Cookies on this website
We use cookies to ensure that we give you the best experience on our website. If you click 'Continue' we'll assume that you are happy to receive all cookies and you won't see this message again. Click 'Find out more' for information on how to change your cookie settings.

BACKGROUND: Although white matter hyperintensities (WMH) volumetric assessment is now customary in research studies, inconsistent WMH measures among homogenous populations may prevent the clinical usability of this biomarker. PURPOSE: To determine whether a point estimate and reference standard for WMH volume in the healthy aging population could be determined. STUDY TYPE: Systematic review and meta-analysis. POPULATION: In all, 9716 adult subjects from 38 studies reporting WMH volume were retrieved following a systematic search on EMBASE. FIELD STRENGTH/SEQUENCE: 1.0T, 1.5T, or 3.0T/fluid-attenuated inversion recovery (FLAIR) and/or proton density/T2 -weighted fast spin echo sequences or gradient echo T1 -weighted sequences. ASSESSMENT: After a literature search, sample size, demographics, magnetic field strength, MRI sequences, level of automation in WMH assessment, study population, and WMH volume were extracted. STATISTICAL TESTS: The pooled WMH volume with 95% confidence interval (CI) was calculated using the random-effect model. The I2 statistic was calculated as a measure of heterogeneity across studies. Meta-regression analysis of WMH volume on age was performed. RESULTS: Of the 38 studies analyzed, 17 reported WMH volume as the mean and standard deviation (SD) and were included in the meta-analysis. Mean and SD of age was 66.11 ± 10.92 years (percentage of men 50.45% ± 21.48%). Heterogeneity was very high (I2 = 99%). The pooled WMH volume was 4.70 cm3 (95% CI: 3.88-5.53 cm3 ). At meta-regression analysis, WMH volume was positively associated with subjects' age (β = 0.358 cm3 per year, P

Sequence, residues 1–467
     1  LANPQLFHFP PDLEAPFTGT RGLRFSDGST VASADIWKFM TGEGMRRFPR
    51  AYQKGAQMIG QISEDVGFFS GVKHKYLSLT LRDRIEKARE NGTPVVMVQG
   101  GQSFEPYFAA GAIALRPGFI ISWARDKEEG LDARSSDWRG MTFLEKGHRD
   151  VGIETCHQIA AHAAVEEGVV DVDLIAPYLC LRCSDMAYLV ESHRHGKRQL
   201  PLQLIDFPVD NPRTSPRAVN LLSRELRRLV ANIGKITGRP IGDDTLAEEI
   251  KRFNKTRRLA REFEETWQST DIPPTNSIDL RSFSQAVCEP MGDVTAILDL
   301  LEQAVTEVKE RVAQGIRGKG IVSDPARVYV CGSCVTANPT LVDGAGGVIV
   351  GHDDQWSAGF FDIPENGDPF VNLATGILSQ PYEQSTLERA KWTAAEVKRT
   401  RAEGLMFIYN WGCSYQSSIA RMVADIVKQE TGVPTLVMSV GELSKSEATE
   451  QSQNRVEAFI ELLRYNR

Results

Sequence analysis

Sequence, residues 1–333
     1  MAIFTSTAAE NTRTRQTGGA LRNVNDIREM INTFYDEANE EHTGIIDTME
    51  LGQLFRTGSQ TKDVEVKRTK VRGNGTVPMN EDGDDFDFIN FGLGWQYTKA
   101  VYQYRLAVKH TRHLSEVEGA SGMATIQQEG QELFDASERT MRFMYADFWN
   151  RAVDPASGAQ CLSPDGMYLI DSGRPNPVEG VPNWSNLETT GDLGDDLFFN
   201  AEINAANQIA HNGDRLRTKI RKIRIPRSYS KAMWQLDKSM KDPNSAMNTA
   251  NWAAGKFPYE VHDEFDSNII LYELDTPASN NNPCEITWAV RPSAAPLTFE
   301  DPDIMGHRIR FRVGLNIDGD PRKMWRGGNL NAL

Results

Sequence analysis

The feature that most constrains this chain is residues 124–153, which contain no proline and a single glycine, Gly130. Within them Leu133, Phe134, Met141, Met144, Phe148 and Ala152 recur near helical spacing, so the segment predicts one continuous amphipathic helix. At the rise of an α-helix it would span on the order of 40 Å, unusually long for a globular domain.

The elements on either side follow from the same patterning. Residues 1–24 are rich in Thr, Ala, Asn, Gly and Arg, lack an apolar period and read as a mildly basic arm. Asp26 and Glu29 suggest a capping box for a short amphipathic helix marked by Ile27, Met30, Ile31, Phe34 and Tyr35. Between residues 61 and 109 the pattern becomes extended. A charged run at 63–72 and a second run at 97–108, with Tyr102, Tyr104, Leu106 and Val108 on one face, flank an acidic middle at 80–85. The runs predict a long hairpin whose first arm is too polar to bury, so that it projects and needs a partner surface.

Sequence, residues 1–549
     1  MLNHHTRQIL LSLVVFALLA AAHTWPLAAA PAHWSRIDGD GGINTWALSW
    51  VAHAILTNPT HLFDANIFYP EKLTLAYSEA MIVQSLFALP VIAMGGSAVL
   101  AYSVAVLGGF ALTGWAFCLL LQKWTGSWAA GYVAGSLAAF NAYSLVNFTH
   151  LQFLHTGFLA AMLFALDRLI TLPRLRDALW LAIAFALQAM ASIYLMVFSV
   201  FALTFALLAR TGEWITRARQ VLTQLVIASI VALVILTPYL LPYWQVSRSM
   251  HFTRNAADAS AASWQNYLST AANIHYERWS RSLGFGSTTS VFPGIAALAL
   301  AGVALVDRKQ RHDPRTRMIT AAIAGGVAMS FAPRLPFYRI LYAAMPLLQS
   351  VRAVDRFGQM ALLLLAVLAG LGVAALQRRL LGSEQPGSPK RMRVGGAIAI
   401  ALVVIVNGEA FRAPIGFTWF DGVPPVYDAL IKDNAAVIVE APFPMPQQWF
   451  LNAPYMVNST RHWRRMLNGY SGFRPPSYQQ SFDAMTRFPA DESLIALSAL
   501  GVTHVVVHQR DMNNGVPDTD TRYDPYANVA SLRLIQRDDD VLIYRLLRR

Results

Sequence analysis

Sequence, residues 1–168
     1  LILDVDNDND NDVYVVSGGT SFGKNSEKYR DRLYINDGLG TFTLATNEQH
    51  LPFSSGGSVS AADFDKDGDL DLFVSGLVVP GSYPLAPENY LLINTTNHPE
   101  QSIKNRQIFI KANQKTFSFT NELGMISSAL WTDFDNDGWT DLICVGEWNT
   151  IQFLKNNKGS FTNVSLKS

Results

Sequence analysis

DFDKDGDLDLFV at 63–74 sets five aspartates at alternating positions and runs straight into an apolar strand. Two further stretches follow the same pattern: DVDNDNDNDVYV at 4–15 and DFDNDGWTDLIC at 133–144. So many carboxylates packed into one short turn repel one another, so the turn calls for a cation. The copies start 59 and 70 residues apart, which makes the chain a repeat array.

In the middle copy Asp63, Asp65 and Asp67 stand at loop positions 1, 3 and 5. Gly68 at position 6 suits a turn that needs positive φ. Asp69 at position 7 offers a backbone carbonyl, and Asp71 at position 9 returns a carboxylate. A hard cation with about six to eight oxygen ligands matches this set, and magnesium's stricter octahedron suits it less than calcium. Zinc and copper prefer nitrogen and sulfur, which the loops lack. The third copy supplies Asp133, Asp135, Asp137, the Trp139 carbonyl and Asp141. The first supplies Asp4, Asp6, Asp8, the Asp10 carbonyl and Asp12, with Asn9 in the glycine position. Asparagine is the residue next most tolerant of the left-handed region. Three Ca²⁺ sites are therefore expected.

Original publication

DOI

10.1002/jmri.27479

Type

Journal article

Journal

J Magn Reson Imaging

Publication Date

20/12/2020

Keywords

image processing, segmentation, small vessel disease, white matter hyperintensities